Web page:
Years after the war, many Germans swear that they voted for another candidate but the 'whole hanging voter' thing got in the way.


August 19, 1936 -
Federico Garcia Lorca retired from his position as Spain's most celebrated poet (and playwright) in order to become a gravedigger.



This proved to have been a poor career move: his Fascist supervisors were so displeased with his work that they shot him to death after he had dug only one grave on this date.


August 19, 1946
-
Bubba is 71 today! (No jokes.)

William Jefferson Clinton (born William Jefferson Blythe III) 42nd President of the United States of America was born on this date.


August 19, 1960 -
The Soviet Union convicted U2 pilot Francis Gary Powers of espionage on this date, sentencing him to three years in prison and seven years of hard labor.



All because he didn't jab himself with the poison needle; another example of our faulty military training.


August 19, 1960 -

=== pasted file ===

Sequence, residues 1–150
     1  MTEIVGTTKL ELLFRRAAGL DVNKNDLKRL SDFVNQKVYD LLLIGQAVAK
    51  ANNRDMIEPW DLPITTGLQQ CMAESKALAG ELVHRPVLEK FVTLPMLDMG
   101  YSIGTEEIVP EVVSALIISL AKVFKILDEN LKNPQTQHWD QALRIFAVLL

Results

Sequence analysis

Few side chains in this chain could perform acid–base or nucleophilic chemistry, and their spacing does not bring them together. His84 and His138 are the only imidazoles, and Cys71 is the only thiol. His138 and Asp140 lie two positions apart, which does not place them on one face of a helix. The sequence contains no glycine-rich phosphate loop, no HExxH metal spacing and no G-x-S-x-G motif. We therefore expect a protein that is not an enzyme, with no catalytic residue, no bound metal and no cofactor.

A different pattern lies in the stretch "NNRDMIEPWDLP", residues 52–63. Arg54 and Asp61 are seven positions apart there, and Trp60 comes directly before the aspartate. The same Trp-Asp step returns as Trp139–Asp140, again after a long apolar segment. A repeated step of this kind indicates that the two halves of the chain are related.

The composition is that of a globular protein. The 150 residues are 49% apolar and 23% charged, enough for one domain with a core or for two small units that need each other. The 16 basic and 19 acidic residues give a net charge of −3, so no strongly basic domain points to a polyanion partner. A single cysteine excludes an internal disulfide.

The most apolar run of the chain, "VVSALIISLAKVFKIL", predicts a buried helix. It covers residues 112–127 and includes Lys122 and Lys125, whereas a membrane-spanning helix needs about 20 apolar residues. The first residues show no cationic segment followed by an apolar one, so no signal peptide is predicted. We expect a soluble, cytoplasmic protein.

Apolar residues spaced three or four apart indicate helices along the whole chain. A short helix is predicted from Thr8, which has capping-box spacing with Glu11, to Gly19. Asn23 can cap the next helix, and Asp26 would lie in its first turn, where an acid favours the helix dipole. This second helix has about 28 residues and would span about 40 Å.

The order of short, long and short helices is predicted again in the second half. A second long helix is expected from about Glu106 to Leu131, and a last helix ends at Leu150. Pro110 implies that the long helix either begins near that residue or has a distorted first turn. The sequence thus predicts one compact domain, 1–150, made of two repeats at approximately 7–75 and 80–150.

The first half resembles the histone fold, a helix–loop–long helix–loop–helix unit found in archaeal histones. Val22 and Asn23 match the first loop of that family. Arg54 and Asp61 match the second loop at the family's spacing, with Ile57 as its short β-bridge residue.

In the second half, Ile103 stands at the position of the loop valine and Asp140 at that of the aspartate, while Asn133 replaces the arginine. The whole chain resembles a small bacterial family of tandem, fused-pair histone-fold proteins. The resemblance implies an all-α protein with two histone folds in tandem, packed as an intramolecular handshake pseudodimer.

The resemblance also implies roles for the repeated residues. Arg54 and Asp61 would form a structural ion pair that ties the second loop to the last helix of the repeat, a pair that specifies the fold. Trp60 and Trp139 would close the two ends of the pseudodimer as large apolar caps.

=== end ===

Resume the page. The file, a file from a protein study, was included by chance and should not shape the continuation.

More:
The Soviet Union launched Sputnik V into orbit on this date. On board are two dogs (Belka and Strelka,) along with two unnamed rats and 40 mice. The menagerie was recovered safely the next day from the landing capsule.



The two rats were later appointed wardens of gulags in Siberia. Belka entered politics and nearly became Soviet Premier in the late 60s, unfortunately he developed mange and had to retire from public life. Strelka enjoyed a long career on Russian TV, appearing in such classics as, I Love Lenin and 14's Company. Scandal ruined his later career when doctored photos appeared of Strelka humping the leg of Gore Vidal.


August 19, 1977 -
The secret of life is honesty and fair dealing. If you can fake that, you've got it made.




One of the world's leading commentator on the human condition, Julius Marx gave up the ghost on this date.



And so it goes.


Before you go - Puddles released a cover of REM's Losing My Religion -



Puddles wasn't appreciated on AGT - that's all I'm saying.